The bowel is part of the digestive system, which is sometimes called the gastrointestinal (GI) or digestive tract. The digestive system starts at the mouth and ends at the anus. It helps the body to break down food and turn it into energy. It also gets rid of th parts of food that the body doesn't use. This solid waste matter is called stools or faeces.
There are two main parts of the bowel:
The large bowel has several sections.
|Caecum||A pouch at the beginning of the large bowel that receives waste from the small bowel. The appendix is a small tube hanging off the end of the caecum.|
|Colon||The main working area of the large bowel. The colon is divided into four parts (ascending colon, transverse colon, descending colon and sigmoid colon) and stretches from the caecum to the rectum. It is about 1.5m long.|
|Rectum||The last 15cm to 20cm of the large bowel.|
|Anus||The opening at the end of the digestive tract. The anus has strong muscles that keep it closed. During a bowel motion, these muscles relax to release stools from the rectum.|
Bowel cancer is cancer in any part of the large bowel (colon or rectum). It's sometimes also known as colorectal cancer.
Bowel cancer grows from the inner lining of the bowel (mucosa). It may develop from growths on the bowel wall called polyps. Polyps are usually harmless (benign), but they may become cancerous (malignant) over time. Malignant polyps may be small or large, flat or mushroom-shaped.
If untreated, bowel cancer can grow locally into the deeper layers of the bowel wall. It can spread from there to the lymph nodes (glands). These small, bean-shaped masses are part of the body's lymphatic system. If the cancer advances further, it can spread to other organs, such as the liver or lungs (metastasis).
In most cases, it develops fairly slowly and stays in the bowel for months or years before spreading.
Bowel cancer is the second most common cancer affecting people in Australia. About 14,000 people are diagnosed with bowel cancer every year. About one in 17 men and one in 25 women will develop bowel cancer before the age of 75. It's most common in people over 50, but it can occur at any age.
In its early stages, bowel cancer often has no symptoms. However, some people may experience the following:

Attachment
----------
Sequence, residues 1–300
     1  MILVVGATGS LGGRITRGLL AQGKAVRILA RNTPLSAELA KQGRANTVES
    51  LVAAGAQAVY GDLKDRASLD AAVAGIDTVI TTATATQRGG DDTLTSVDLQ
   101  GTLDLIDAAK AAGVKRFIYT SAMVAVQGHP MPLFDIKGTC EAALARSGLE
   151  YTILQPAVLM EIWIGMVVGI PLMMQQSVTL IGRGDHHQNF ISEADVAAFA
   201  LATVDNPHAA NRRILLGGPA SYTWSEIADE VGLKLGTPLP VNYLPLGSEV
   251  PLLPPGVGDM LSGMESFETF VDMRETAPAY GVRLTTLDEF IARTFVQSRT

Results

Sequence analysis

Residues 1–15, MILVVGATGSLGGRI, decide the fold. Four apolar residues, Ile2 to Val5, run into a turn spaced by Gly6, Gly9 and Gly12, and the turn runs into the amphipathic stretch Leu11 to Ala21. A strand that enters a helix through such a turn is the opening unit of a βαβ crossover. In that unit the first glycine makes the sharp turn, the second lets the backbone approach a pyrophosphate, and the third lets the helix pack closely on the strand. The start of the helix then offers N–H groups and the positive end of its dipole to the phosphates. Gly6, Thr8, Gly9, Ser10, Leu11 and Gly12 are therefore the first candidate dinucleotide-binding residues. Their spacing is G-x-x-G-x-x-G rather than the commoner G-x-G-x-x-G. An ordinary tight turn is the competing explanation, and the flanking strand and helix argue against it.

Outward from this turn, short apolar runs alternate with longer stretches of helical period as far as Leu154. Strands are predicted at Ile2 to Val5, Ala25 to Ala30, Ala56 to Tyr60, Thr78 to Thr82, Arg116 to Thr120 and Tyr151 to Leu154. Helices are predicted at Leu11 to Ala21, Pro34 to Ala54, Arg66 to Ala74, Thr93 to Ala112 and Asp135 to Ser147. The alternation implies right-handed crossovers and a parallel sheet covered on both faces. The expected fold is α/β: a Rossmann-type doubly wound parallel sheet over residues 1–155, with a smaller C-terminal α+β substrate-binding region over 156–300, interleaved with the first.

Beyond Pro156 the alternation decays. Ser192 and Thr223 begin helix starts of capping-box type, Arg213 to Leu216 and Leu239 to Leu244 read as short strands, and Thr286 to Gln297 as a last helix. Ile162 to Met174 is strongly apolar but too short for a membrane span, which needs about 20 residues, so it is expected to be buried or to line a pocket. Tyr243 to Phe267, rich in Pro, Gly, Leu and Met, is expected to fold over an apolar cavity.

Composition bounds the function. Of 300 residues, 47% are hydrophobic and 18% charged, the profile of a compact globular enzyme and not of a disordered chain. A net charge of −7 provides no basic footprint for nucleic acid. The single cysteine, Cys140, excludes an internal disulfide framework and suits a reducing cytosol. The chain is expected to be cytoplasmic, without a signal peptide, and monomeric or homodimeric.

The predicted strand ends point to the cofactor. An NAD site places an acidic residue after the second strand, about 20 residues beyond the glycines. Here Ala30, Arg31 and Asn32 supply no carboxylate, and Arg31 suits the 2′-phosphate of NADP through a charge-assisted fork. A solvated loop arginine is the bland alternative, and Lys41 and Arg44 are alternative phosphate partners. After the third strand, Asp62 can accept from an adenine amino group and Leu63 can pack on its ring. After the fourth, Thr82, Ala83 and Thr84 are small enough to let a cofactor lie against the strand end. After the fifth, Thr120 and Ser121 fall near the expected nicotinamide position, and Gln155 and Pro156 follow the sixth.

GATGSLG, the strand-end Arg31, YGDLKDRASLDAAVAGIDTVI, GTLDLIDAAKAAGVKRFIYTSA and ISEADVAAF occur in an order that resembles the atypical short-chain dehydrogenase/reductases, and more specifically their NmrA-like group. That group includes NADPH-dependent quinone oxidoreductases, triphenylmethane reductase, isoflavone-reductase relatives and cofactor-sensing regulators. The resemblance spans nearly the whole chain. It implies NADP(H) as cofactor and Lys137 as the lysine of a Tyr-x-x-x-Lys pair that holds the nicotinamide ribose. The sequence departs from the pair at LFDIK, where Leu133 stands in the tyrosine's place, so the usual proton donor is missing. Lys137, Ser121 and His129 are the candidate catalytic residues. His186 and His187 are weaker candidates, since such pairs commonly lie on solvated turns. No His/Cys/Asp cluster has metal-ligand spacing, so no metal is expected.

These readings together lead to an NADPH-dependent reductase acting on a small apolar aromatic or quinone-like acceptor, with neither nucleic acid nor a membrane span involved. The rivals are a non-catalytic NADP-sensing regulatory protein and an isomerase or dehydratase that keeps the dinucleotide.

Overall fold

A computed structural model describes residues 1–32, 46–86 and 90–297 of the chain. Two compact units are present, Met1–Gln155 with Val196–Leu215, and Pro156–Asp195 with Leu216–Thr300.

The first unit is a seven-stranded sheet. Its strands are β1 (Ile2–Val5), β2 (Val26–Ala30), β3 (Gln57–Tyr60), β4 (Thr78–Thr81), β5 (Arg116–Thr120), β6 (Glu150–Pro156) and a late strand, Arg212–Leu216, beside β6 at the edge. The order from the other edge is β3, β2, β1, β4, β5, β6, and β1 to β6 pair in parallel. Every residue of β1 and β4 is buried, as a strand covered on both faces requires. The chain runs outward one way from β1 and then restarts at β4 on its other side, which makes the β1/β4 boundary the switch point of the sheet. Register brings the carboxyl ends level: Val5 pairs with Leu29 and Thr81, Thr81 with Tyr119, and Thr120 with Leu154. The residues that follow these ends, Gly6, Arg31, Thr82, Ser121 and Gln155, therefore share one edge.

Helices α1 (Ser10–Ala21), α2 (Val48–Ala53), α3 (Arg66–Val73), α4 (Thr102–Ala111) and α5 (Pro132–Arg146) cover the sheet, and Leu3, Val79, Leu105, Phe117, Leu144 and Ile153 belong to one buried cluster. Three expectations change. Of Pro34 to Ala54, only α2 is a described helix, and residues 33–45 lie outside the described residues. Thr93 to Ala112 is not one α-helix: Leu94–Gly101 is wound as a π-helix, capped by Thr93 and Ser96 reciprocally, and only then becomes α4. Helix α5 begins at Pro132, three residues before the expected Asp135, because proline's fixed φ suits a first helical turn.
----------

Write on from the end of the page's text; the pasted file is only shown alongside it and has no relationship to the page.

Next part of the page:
Not everyone who has these symptoms has bowel cancer. Other medical conditions, such as haemorrhoids or tears in anal tissue, and some foods or medications, can also cause these changes. If you have any of the above symptoms for more than two weeks, see your doctor for a check-up.
"I started to have some bleeding when I went to the toilet. There were no other warning signs – it just happened out of the blue, so I went to see my GP."
The exact cause of bowel cancer isn't known. However, some factors increase the chance of developing it:
Polyps in the bowel are a risk factor for bowel cancer. If polyps are removed, the risk of bowel cancer is reduced but it can still occur.
There are two rare conditions running in families that cause a small number (5% to 6%) of bowel cancers:
If one or more of your family members (such as a parent, sibling or grandparent) have been diagnosed with bowel cancer, it may run in your family. This is a possibility if two relatives on the same side of your family have cancer, or if they were diagnosed before the age of 55.
Other cancers, such as breast cancer, can also run in the family, and this may increase your risk of developing bowel cancer. If you're concerned about your family history, see your general practitioner (GP) for regular check-ups and discuss whether you should have a further assessment.
Doing regular physical activity, maintaining a healthy weight and eating a diet high in fruit, vegetables and fibre may help protect against bowel cancer.